Southeast Asia: How to travel respectfully in a Buddhist country


Travelling in a Buddhist country like Thailand, Cambodia or Laos is a beautiful and enriching experience. The golden temples and stupas, the serene Buddha statues, and the monks in saffron robes make for beautiful sites and photographs.

But many tourists forget that these are not tourist attractions, but holy people and places. This is especially the case in Luang Prabang, the ancient royal capital of Laos, which has 34 temples and hundreds of monks who seek alms every morning in the mists — a site tourists find impossible to resist.

It isn’t hard to be respectful in a Buddhist country. You just need to be mindful (a practice that Buddhism teaches). I’ve outlined some basics below.

Watching an alms-giving ceremony — one of the main reasons tourists go to Luang Prabang — also needs to be done respectfully. For how, please click HERE.

Basics for respecting Buddhist culture and traditions

Respecting the culture and religion of the country you’re in is simply the right thing to do. And there’s a win-win: you will have a much more engaging and enjoyable experience and will have greater opportunities to interact with local people. You’re also doing your part to maintain that culture and tradition for both local people and future visitors.

While I give detailed tips below, there are two main rules to remember:

1. Modesty.

Buddhist culture is a modest one. Buddhists (and Lao people in particular) are very modest, and it can make many uncomfortable to see those who are not. Keep this in mind when dressing and in your behaviour.

2. Stop and think before you act, and when in doubt, ask.
Especially ask before you take a photo of someone or their property — people are not tourist attractions.



Dressing modestly throughout your visit is appreciated by local people, and especially when you enter a temple.  In Cambodia the situation got so bad that there’s a new rule (mostly enforced by ticket checkers): you are not allowed in Angkor Wat and Angkor Thom without knees and shoulders covered (and yes, everything in between).

I’m in Luang Prabang, Laos in winter as I write this. Two women in their twenties just walked by in tight tank tops and cut off jeans with their cheeks hanging out. It is 22 degrees Celsius, so they don’t even have the heat as an excuse. I was offended. What about a monk?

Gentlemen — you need to keep your shirt on too, unless you’re at the pool or the beach. Yes, even when it is stifling.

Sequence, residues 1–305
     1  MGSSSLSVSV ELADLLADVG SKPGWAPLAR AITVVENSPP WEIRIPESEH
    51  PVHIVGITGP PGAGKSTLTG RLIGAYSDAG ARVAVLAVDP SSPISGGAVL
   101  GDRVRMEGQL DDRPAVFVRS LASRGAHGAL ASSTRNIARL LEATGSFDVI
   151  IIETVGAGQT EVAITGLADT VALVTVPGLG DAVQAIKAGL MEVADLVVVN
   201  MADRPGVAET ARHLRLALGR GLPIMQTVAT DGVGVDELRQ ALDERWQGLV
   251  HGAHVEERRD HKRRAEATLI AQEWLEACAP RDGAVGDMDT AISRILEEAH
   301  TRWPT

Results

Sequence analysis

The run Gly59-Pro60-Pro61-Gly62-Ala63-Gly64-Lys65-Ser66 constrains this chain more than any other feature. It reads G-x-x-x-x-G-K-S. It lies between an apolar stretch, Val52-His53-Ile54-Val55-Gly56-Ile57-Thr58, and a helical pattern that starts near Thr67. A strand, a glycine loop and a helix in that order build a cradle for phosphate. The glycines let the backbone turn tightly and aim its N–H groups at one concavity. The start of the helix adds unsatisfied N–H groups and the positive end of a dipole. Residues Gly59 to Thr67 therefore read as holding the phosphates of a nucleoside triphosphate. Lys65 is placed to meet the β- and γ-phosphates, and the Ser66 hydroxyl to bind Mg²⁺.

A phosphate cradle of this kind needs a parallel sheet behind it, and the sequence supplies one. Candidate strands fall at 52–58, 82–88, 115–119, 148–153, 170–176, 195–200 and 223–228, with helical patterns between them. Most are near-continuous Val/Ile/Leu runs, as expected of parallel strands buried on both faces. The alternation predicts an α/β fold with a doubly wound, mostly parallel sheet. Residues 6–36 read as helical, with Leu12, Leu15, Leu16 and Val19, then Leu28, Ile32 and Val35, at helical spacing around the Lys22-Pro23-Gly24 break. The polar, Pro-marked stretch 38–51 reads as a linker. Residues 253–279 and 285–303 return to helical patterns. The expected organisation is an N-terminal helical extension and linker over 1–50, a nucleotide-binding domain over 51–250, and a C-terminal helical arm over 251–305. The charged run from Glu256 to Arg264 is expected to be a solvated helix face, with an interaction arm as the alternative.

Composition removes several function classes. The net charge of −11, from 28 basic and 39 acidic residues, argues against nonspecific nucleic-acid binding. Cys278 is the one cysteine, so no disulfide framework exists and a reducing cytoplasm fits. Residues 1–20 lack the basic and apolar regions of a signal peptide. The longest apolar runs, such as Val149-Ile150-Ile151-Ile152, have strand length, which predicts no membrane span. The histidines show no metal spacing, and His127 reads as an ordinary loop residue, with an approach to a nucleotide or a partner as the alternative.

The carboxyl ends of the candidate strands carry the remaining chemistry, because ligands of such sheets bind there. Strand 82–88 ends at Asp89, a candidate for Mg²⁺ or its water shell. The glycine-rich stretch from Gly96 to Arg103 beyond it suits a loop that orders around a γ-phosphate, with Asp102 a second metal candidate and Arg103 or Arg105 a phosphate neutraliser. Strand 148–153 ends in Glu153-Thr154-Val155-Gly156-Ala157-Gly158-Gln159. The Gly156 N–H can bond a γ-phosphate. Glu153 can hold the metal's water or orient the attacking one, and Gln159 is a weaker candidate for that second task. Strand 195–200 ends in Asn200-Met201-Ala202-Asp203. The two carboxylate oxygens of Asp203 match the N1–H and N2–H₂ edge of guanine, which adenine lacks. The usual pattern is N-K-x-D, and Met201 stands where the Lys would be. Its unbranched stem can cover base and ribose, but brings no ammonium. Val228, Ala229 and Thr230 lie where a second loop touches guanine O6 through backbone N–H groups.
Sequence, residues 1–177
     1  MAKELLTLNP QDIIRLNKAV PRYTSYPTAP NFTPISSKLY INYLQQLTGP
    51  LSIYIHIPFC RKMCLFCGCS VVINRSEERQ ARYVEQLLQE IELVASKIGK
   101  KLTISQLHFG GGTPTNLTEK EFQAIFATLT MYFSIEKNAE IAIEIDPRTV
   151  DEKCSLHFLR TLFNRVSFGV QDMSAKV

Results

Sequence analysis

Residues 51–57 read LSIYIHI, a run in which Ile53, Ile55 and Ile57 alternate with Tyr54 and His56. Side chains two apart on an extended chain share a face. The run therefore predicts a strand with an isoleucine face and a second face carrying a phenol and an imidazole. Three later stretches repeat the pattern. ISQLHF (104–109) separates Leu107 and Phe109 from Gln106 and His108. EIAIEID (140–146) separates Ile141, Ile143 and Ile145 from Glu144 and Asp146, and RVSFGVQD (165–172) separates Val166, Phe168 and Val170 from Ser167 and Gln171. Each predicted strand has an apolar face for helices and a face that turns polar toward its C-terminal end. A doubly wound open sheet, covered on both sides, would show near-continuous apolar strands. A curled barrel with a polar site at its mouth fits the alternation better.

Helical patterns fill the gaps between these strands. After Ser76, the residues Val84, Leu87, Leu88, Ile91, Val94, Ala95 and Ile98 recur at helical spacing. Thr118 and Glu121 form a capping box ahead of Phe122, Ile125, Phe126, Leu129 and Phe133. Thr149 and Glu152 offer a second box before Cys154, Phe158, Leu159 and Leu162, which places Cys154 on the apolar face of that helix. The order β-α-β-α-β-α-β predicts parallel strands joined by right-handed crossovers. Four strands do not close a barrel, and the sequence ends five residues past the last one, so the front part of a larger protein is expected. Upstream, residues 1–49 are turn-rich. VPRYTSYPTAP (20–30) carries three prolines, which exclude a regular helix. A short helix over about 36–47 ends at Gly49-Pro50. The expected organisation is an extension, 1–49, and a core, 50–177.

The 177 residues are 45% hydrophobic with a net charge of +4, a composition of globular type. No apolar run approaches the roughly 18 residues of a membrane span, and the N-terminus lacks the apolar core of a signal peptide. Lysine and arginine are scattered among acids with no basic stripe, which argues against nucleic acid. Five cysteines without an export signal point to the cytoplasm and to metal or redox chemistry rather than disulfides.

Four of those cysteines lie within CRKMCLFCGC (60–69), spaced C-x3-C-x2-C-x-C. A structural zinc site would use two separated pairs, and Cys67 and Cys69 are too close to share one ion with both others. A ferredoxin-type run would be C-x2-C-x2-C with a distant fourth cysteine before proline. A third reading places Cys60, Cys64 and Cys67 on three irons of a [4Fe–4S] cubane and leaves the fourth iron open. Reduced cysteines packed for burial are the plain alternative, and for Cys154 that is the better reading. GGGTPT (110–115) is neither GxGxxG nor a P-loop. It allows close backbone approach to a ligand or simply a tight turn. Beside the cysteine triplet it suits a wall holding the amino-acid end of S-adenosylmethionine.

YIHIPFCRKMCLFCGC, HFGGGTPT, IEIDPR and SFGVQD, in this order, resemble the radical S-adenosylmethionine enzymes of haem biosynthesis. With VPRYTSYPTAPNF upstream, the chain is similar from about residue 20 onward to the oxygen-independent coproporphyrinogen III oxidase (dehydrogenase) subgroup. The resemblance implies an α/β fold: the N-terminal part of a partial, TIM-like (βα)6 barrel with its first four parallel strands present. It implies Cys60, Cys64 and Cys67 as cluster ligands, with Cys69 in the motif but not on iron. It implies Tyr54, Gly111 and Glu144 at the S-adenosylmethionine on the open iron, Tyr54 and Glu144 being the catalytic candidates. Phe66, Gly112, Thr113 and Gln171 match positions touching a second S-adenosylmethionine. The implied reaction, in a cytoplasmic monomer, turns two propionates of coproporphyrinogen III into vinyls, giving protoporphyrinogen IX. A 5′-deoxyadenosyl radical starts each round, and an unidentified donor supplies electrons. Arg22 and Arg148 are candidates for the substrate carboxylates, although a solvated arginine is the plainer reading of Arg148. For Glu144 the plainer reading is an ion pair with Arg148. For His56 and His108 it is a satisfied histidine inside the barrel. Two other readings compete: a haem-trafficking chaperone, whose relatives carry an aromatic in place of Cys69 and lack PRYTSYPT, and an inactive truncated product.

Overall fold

Tourists also need to wear shoes, flip flops are fine, but walking barefoot down the street is unwelcomed (surprised I’m listing this? Several hoteliers asked that I do; the problem is that bad).

If you’re swimming in the waterfalls in Laos, ideally women will copy the Lao custom of wearing a long t-shirt over their bathing suit; men are fine bare-chested with shorts.  Never swim nude.

And if you’re visiting during a water festival, know that you will get soaked walking down the street, so choose your clothing so that it won’t be see-through when wet.


Public displays of affection should also be avoided. A cuddle or a smooch may seem modest at home, but it can offend people here.

Women should never touch a monk or his robes – in crowded areas please be extra careful.

Body Parts


Feet: remove your shoes before you enter a temple or someone’s home. Some shops and lodging will also ask that you remove your shoes. There will be a sign (in English) or a few pairs of shoes at the entrance. Be observant and follow suit, and ask if you’re not sure.

Avoid pointing your feet at someone or something. It is very rude, for example, to gesture towards a vendor’s product with your foot. Similarly, do not step over someone who is sitting on the floor; walk around them. Do not put your feet up on the furniture or point them at a person or a Buddha statue (tuck them underneath you when sitting on the floor).


The head: avoid touching the head of another person, even tousling the hair of a child. Mistakes with the head are much more easily forgiven than mistakes with the feet.

Mouth: A low voice and quiet demeanor will have you fitting in well.  Don’t shout and keep your conversation so that only your small group can hear it. If you’re travelling in a large group (meaning perhaps more than 6 people) this can be easy to forget.

Even if something goes wrong, losing your temper will make the situation worse. Things will be worked out better and faster if you remain calm.

Think about what you say as well as how you say it. Most likely the country you’re travelling in has a much lower standard of living than your home country.  Don’t let other people overhear you exclaim about how cheap everything is, how the cost of that item is “practically nothing”, how dirty things are, or how you can’t believe people eat that, live there, or whatever. How would you feel if a tourist said this in your country?


So … Pretty much common sense, yet so many tourists seem to forget.

Have I missed anything? What else can we do to be more respectful in the countries we visit?

8 responses to “Southeast Asia: How to travel respectfully in a Buddhist country

  1. Mahayana Buddhism in SE Asia is rooted in Buddhist traditions that traveled from Northern India through Tibet and China and eventually made their way to Vietnam, Indonesia and other parts of southeast Asia.


  2. Very tactfully written. I hope a lot more “travellers” take note of your suggestions. Especially the covering up 😆

    Liked by 1 person

    • Many thanks — that’s very kind of you to say. I hope that more people will cover up too — an easy thing to do and makes such a difference. I think most people are just unaware of the consequences of their actions. How can we spread the word more?


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